The Alexander Technique is an educational method used worldwide for over 100 years. By teaching how to change faulty postural habits, it enables improved mobility, posture, performance and alertness and relief of chronic stiffness, tension and stress.
People study the Technique for a variety of reasons. The most common is to relieve pain through learning better coordination of the musculoskeletal system.
Another common reason is to enhance performance. Athletes, singers, dancers and musicians use the Technique to improve breathing, vocal production, and speed and accuracy of movement.
The most far-reaching reason people study the Technique is to achieve greater conscious control of their reactions.
During lessons you learn through direct experience how to go about your daily activities with increasingly less effort and greater ease. You develop awareness of habits that interfere with your natural coordination and learn how to undo these patterns to consciously redirect your whole self into an optimal state of being. Most of us have many habitual patterns, learned consciously or unconsciously. These patterns can be unlearned, enabling the possibility of new choices – in posture, movement and reactions.
F.M. Alexander (1869-1955) was an actor who began his career as a Shakespearean orator and developed chronic laryngitis while performing. Determined to restore the full use of his voice, he carefully observed himself while speaking, and noticed that undue muscular tension accounted for his vocal problem. He sought a way to eliminate that restriction.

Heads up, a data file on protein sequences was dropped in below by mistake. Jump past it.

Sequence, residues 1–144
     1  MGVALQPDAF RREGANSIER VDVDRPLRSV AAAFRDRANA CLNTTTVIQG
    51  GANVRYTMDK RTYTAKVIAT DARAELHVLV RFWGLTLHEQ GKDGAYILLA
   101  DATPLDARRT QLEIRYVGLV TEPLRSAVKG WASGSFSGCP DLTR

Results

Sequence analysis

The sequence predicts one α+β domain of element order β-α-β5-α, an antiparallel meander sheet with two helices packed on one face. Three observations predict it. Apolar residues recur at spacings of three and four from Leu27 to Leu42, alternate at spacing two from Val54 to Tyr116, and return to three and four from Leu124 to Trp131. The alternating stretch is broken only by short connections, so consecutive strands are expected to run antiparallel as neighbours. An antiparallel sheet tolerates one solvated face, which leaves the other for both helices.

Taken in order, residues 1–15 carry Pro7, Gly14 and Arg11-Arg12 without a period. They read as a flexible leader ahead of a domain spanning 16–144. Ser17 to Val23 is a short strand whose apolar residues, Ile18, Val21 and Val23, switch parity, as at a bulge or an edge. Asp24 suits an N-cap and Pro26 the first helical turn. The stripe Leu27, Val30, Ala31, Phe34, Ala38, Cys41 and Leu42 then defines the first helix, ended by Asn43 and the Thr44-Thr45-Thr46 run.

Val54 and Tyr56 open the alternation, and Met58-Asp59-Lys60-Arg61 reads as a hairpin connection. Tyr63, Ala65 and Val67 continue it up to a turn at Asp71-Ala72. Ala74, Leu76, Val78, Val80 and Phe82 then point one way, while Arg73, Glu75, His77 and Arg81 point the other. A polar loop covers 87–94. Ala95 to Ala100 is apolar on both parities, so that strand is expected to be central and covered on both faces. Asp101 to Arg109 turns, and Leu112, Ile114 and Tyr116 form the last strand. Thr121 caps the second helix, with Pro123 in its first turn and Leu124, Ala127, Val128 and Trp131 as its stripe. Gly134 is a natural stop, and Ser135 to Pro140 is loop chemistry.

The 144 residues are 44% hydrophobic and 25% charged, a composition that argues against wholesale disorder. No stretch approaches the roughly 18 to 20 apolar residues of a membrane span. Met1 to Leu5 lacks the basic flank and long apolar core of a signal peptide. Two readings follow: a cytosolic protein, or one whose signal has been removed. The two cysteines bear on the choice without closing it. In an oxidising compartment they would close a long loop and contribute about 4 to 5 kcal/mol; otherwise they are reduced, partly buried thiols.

Over time, he discovered and articulated a principle that profoundly influences health and well-being: when neck tension is reduced, the head no longer compresses the spine and the spine is free to lengthen. Alexander restored his own natural capacity for ease by changing the way he thought while initiating an action.
From this work on himself and others, he evolved a hands-on teaching method that encourages all the body’s processes to work more efficiently – as an integrated, dynamic whole.
(From the 1996 North American Society of Teachers of the Alexander Technique Directory)
The Alexander Technique brings personal growth to anyone who studies it, but most people arrive at Alexander Technique lessons in order to solve some difficulty. Pain and bad posture are common reasons for taking lessons; difficulties associated with computer use is another popular reason. Performers who use their body as a tool for expression find the Alexander Technique an indispensable part of their education. Most people come for more than one reason, and discover that the Alexander Technique benefits them in many unexpected ways.
I offer riders the ability to look inside themselves to see what and how they are effecting their horse. Then teach them how to change bad habits.
I was born in 1952, but actually began my involvement with horses before birth as my mother rode, even fox hunted, with me in vitro.
I grew up in Middleburg Virginia into a horse family in a horse town. Both of my grandparents were Masters of Hounds, one in Maryland on the Chesapeake shore, the other in England.
I was fox hunting on a lead line at 5 years and off lead by 6, so needless to say horses are in my blood!
My stepfather trained racehorses and so I broke yearlings for the track and galloped racehorses, even jockeying in local steeplechases as a teen.
By the time I got to Madeira, a girls boarding school in VA, the eventing bug hit me and I campaigned through prelim.
Then the freedom of college, boys, drugs, and rock and roll took over, and riding took a back seat.